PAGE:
Take Mausam for example. It has 20 epsiodes of deception, depression, evil people winning, and at the very end in the last episode, the part you’re supposed to feel good about, lasts literally 3 minutes. That’s it. That’s all you get, folks.
In my opinion, that’s viewer abuse. Can’t I at least have HALF an episode of all the good things happening to those who deserve it? Why only two minutes? Why are you forcing me to use my imagination? That’s not why I watched this. That’s not what I didn’t pay for. I can use my imagination for SOME things (y’know what I mean?), but c’mon, show at least some considerable length of happy things happening.
I get it, though. Most of the people watching are Pakistan-born Pakistanis who wanna get it over with. They’ve got a “kaam-mukao” philosophy: show me what I gotta see, show me the facts, the cold, hard facts. Get it over with. THey’re not really ones to savour the moment (except when it comes to the useless zoom ins, for some reason). They’ll savour the moment I guess but not the plot. Like I can totally imagine my parents telling me a long story of a couple trying to get married. They’ll tell me all the issues, hurdles, feelings of tragedy and sadness. It’ll last an hour. ANd then, at the end, after the last horrible thing:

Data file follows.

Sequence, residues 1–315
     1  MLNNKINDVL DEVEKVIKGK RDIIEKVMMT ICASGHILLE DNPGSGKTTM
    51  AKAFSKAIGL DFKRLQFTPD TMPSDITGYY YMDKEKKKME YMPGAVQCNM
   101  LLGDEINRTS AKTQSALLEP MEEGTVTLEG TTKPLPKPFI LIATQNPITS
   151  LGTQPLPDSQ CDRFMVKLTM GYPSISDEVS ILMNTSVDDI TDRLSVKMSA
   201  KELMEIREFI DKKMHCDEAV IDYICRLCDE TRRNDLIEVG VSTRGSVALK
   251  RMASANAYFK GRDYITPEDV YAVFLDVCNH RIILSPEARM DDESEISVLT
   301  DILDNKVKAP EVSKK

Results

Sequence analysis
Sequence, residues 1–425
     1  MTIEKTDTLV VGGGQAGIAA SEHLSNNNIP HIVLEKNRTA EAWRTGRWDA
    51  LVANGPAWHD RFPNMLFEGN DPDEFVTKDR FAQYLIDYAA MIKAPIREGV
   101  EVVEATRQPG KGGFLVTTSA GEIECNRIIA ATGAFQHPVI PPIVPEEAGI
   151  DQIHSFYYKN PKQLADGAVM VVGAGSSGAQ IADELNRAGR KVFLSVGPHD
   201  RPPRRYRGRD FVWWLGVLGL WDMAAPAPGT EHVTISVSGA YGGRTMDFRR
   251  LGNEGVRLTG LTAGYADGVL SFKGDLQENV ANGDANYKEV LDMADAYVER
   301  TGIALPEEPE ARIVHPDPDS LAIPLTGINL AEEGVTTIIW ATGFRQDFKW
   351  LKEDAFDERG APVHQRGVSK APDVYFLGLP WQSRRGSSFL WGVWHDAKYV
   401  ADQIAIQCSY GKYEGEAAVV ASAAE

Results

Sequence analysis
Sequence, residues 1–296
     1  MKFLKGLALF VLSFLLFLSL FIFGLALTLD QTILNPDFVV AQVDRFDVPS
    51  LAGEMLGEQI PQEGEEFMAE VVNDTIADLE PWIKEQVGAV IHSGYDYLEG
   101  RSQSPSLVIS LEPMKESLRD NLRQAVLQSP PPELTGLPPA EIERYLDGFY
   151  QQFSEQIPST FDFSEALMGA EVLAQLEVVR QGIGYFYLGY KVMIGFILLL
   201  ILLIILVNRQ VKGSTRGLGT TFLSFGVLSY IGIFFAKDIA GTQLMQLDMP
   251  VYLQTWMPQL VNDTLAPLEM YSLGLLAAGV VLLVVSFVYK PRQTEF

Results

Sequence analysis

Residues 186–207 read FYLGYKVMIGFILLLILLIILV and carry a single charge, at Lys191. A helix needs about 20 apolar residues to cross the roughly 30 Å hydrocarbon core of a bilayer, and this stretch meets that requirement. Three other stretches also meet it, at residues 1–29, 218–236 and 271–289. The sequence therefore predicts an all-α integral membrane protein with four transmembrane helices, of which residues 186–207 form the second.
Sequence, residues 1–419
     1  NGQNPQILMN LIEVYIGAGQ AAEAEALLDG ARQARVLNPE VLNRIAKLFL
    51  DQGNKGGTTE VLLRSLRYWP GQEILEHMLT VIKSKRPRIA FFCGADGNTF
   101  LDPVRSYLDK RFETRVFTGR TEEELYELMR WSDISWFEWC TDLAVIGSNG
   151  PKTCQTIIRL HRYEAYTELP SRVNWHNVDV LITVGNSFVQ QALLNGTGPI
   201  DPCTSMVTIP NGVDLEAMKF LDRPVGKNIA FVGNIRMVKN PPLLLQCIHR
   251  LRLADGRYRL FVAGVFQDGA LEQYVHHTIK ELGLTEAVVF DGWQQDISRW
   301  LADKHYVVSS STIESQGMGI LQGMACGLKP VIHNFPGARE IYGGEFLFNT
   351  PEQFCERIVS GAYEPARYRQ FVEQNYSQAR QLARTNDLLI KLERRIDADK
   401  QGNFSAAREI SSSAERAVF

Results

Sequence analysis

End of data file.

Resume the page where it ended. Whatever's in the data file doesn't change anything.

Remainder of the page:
“… so then, she recovered from the sickness, and the boy decided he couldn’t live without her, and he stood up to his mom. Tho bas bachay, phir shaadi ho geyi, aur kia.—And then, they just got married, and that’s the story.”
Where. Is. The. Joy?
THe climax is so short-lived!!!
You kinda sprinkle it onto me for a moment and then we’re supposed to make an entire dessert out of it.
But some dramas are meant to depress you. THey’re not supposed to make you feel good. They’re supposed to make you frown when you even hear their name. Take the Pakistani film “Bol”. If you’ve watched it, you probably just cringed. THat’s one of the best movies I’ve ever seen. EMotionally powerful and packed, and really speaks culturally to these issues in Pakistan that get hidden into the shadows and ignored. It really explored some of the darker side of things, and I LOVED it. If there’s only one Pakistani production I could watch, it would be Bol (which means speak in Urdu/Hindi/Punjabi).